and has vast international experience having worked in Venezuela and California helps mitigate that problem.

The tech-savvy Ali also admits to turning to social media feeds like Instagram when it comes to inspiration for preparation and presentation ideas. The specialties at Hola include dairy-free iced latte made from coconut milk, paletas which are updated depending on the season and availability of the fruits and fruteros which use exotic fruits with unique seasonings. All their ice creams and syrups are made in-house.

“I’ve got a couple of customers who have approached me and asked me if this is a franchise from Mexico or Spain. To hear something like that knowing that this is our first outlet and something we started from scratch gives us a good feeling,” says Yousef.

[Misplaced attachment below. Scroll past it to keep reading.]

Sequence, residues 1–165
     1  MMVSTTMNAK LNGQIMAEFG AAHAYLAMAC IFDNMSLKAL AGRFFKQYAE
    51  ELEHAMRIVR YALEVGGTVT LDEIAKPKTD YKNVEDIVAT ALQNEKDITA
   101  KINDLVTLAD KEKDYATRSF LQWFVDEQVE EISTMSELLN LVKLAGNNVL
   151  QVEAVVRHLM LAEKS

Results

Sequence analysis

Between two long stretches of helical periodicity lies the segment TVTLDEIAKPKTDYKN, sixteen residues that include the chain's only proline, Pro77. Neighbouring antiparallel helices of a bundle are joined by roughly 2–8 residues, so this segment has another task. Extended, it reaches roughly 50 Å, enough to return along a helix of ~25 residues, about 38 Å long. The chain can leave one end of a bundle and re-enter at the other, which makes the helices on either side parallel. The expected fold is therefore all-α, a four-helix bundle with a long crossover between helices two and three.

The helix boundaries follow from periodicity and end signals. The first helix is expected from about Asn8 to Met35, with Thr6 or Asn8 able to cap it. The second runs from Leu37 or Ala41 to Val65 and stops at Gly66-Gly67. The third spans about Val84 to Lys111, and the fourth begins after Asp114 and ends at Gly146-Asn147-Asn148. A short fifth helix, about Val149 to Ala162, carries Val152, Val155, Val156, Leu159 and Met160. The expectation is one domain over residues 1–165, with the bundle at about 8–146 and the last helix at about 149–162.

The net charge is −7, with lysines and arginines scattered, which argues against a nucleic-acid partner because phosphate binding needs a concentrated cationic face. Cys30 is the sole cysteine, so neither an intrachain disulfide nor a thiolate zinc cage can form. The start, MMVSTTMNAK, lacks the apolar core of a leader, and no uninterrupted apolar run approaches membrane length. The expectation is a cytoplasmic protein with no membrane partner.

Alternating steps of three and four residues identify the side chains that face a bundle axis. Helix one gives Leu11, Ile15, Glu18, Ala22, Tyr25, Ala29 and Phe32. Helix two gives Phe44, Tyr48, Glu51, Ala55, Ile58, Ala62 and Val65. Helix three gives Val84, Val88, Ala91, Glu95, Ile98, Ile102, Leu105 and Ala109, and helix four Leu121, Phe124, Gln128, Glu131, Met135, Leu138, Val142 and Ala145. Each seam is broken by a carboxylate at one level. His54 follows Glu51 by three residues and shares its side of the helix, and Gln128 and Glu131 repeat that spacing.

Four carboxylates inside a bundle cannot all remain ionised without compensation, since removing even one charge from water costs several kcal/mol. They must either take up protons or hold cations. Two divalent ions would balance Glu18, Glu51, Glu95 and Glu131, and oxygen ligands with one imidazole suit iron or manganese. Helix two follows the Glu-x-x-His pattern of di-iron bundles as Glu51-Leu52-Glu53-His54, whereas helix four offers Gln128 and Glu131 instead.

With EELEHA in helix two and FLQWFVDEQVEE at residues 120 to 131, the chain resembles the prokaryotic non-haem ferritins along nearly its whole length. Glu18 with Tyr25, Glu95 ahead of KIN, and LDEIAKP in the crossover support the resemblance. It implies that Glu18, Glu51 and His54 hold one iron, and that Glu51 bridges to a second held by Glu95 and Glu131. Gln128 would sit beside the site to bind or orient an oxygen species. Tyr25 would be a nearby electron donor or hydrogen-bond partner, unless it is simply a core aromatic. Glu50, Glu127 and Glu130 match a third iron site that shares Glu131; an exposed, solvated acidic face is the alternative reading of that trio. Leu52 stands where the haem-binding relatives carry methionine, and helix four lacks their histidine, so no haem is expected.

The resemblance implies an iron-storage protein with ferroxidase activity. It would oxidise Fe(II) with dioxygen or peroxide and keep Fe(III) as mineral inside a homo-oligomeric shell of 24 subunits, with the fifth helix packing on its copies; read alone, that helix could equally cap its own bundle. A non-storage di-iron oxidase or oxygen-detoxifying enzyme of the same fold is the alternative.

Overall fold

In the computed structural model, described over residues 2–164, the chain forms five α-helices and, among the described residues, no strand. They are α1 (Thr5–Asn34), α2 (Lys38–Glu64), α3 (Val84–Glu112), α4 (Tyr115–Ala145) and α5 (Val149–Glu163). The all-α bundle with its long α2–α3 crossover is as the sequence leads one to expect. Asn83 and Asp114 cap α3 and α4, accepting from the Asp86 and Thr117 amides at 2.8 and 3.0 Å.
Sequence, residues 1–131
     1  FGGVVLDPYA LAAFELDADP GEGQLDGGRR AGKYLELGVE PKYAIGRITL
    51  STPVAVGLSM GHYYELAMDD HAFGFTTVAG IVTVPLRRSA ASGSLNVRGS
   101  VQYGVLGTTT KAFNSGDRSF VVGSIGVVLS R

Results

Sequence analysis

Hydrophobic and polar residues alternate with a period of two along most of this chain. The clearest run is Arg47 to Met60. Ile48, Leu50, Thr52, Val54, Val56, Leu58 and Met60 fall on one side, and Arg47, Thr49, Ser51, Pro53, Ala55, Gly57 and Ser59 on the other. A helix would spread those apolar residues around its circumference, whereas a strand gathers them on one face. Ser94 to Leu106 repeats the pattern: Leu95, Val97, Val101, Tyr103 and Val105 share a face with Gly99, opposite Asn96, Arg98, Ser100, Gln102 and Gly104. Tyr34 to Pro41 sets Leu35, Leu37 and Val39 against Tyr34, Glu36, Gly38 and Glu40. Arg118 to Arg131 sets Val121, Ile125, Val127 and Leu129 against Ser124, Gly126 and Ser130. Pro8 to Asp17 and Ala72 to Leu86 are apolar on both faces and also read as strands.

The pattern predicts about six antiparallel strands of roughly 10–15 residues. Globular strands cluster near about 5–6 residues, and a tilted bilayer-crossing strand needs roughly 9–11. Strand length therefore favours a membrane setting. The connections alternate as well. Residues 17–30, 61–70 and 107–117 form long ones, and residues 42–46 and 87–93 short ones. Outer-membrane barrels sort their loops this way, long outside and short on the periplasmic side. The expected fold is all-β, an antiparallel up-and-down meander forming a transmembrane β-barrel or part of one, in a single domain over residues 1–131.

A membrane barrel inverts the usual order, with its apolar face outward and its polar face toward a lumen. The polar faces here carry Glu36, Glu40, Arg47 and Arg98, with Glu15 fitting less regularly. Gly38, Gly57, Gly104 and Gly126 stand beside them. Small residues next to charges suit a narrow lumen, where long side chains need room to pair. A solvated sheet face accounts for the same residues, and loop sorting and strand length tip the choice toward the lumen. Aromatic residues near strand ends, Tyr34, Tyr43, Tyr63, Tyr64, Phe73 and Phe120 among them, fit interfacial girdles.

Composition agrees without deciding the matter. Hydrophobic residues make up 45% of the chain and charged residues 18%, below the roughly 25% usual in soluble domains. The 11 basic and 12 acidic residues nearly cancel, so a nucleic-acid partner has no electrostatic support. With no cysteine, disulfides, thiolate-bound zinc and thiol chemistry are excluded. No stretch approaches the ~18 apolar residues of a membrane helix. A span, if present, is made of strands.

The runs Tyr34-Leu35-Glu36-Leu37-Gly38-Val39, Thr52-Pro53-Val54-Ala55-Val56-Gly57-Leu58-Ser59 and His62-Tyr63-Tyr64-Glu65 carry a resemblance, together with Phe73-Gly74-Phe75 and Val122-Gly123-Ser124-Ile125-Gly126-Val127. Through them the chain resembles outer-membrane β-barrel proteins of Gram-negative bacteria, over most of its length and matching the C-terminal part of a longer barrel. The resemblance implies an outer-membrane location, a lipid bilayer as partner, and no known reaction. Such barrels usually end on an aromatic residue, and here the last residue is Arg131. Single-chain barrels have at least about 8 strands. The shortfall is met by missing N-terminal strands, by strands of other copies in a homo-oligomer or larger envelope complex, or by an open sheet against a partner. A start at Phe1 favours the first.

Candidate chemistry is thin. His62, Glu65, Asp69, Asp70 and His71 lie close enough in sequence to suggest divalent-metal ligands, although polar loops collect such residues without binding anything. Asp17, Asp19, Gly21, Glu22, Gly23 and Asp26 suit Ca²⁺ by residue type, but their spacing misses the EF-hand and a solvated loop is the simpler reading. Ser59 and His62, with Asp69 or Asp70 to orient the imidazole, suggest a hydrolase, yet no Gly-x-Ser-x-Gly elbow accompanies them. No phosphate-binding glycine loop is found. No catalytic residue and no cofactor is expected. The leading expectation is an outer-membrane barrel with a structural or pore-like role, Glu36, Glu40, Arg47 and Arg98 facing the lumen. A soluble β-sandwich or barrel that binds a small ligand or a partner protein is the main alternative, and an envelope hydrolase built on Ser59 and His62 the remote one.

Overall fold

While the brothers were setting up Hola, their father encouraged them but said that he wouldn’t visit until it opened. Once it was ready he did visit. “The best compliment that we’ve received for Hola so far is from my parents who say that they’re proud we’ve made something like this,” says Yousef.

The brothers have ambitious expansion plans for Hola which include opening up branches in Dubai, and Abu Dhabi and eventually through the GCC.  But they both emphasize that the most important business lesson they’ve learnt from their father is to be patient and not expect success overnight. The sons will do well to follow the pearls of wisdom coming from a man who has been on the job for nearly four decades.